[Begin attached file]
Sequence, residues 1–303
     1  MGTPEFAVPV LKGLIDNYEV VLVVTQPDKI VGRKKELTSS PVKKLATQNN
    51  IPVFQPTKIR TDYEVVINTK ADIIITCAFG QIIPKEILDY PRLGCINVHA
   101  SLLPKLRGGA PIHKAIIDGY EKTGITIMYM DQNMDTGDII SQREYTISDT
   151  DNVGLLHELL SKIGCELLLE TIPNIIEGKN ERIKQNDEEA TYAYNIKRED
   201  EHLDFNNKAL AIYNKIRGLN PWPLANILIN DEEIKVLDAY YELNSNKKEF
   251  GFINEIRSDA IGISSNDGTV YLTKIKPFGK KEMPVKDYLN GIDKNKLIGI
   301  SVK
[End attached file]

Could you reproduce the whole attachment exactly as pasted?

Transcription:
Sequence, residues 1–303
     1  MGTPEFAVPV LKGLIDNYEV VLVVTQPDKI VGRKKELTSS PVKKLATQNN
    51  IPVFQPTKIR TDYEVVINTK ADIIITCAFG QIIPKEILDY PRLGCINVHA
   101  SLLPKLRGGA PIHKAIIDGY EKTGITIMYM DQNMDTGDII SQREYTISDT
   151  DNVGLLHELL SKIGCELLLE TIPNIIEGKN ERIKQNDEEA TYAYNIKRED
   201  EHLDFNNKAL AIYNKIRGLN PWPLANILIN DEEIKVLDAY YELNSNKKEF
   251  GFINEIRSDA IGISSNDGTV YLTKIKPFGK KEMPVKDYLN GIDKNKLIGI
   301  SVK